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Mary Corbet

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I learned to embroider when I was a kid, when everyone was really into cross stitch (remember the '80s?). Eventually, I migrated to surface embroidery, teaching myself with whatever I could get my hands on...read more

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Hand Embroidery from Italian Pottery

 

What inspires your creativity? In this series of guest posts, Kathy Andrews is going to explore several different designs inspired by Italian pottery. She’s going to show us not only her designing process, but also the effects of different threads used on similar designs.

Italian Pottery Inspires Hand Embroidery Designs

Here’s Kathy’s design process for this series of projects. I hope you enjoy reading it as much as I did!

Hi! I’m Kathy Andrews. Mary kindly asked me to be a guest blogger on Needle ‘n Thread, and I was thrilled to have the opportunity! She has been my inspiration and my long-distance-via-the-Internet teacher for 9 months so I was pretty chuffed when she asked me to blog while she is taking a well deserved vacation.

A couple weeks ago, I posted about a moment of inspiration that led to planning a sampler project based on pottery from San Gimignano, Italy. There will be three different designs; one to be worked in different wool threads, one to be worked in different cotton threads and one to be worked in different silk threads. Using a limited number of common stitches, the finished sampler will provide me with a reference so I could see what each stitch will look like in a particular thread before I use it in a specific project.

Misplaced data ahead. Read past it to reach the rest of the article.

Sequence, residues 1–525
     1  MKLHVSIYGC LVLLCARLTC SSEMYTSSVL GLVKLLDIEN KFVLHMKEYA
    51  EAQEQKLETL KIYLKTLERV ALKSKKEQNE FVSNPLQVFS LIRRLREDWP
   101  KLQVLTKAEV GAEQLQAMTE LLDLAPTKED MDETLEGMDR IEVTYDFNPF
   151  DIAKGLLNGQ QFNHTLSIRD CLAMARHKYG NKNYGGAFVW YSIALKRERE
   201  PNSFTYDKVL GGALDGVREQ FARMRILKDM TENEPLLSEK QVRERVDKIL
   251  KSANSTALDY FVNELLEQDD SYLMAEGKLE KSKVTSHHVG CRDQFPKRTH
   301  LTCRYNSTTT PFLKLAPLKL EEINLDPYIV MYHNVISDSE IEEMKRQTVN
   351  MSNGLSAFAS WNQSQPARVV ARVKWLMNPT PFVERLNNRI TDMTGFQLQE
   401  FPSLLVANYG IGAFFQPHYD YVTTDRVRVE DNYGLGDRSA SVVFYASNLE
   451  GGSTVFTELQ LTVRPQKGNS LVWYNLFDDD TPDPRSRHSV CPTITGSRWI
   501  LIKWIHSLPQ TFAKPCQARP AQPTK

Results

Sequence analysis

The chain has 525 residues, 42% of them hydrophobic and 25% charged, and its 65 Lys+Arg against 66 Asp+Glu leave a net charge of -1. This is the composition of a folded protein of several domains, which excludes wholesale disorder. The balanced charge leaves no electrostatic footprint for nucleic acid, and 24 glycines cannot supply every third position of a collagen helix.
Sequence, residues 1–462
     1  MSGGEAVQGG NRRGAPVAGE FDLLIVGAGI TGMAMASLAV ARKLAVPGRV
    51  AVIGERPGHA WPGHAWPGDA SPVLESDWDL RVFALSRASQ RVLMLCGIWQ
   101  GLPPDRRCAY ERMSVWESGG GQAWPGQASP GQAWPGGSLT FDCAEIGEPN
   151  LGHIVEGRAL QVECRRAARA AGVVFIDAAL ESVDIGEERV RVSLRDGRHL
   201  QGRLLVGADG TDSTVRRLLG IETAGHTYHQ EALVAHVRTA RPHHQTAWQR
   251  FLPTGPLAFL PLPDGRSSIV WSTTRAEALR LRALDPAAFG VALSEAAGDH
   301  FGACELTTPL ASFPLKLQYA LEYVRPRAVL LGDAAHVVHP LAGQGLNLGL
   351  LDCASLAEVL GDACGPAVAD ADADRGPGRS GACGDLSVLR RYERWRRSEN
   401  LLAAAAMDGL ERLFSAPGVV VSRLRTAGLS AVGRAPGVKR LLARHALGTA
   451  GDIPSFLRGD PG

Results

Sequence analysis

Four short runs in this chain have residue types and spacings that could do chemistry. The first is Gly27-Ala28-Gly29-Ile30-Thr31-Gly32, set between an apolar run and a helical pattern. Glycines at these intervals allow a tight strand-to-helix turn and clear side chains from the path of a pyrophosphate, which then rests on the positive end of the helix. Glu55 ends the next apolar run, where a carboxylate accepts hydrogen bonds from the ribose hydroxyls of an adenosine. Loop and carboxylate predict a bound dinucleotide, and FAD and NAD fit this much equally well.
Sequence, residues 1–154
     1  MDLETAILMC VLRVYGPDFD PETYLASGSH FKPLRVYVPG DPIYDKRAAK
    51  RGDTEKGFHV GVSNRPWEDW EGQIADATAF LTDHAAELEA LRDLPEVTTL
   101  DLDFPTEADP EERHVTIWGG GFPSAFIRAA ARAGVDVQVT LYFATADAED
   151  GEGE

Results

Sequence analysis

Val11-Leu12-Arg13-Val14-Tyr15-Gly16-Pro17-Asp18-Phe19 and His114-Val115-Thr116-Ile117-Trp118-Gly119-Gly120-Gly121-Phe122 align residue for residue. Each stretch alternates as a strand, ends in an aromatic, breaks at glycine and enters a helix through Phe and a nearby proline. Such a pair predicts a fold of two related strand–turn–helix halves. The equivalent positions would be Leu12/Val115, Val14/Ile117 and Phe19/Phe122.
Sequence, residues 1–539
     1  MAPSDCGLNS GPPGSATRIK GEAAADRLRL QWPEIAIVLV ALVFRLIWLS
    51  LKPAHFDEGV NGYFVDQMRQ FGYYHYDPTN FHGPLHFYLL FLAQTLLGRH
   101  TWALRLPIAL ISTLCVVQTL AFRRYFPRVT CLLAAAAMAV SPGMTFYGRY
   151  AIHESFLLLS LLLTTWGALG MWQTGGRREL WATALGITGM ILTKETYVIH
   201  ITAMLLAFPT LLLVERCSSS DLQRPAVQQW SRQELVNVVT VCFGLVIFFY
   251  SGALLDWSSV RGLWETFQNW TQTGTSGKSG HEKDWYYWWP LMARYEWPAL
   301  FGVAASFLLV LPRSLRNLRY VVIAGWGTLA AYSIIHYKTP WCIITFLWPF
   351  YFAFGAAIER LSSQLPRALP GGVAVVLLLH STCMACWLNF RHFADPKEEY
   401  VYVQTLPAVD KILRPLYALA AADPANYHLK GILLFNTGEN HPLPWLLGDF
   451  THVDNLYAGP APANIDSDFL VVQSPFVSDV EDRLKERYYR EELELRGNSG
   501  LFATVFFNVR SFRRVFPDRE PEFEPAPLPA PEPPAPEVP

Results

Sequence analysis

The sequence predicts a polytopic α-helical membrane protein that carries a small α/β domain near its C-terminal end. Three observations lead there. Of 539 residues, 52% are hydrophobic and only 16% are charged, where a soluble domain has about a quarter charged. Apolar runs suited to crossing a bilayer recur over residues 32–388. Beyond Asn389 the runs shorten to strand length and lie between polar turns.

Today I’m going to walk you through my design process.

My inspiration came from this plate. The center motif reminds me a little of a Fleur de lys, a common motif in embroidery. I especially like the fact that it’s NOT symmetrical.

Italian Pottery Inspires Hand Embroidery Designs

First I had to get the design off the plate and on to the paper. I’ve learned that if I use graph paper when I draw, it gives me multiple points of reference so I can see where I’ve gone wrong – which is often. See all those eraser marks? I use a regular pencil but I have a good quality white eraser so the design isn’t obliterated by the smudges and I have to start again.

Italian Pottery Inspires Hand Embroidery Designs

The hardest thing to capture was the freedom of the curly lines. I just had to try it over and over until I was happy. Doing it slowly didn’t work: I had to look and then draw quickly. I find sketching rather than drawing a single perfect line works better. I can always clean it up later.

Italian Pottery Inspires Hand Embroidery Designs

Color placement is second in my process. I was limited  to a palette of 3 blues, 1 green and 1-2 gold colors. The limit is because I am mainly using threads I already own. I have colored pencils that are similar colors to the thread I’m using; close enough to give me an idea. Green stems and leaves, a blue flower, yellow center and sepals were straightforward decision on this design.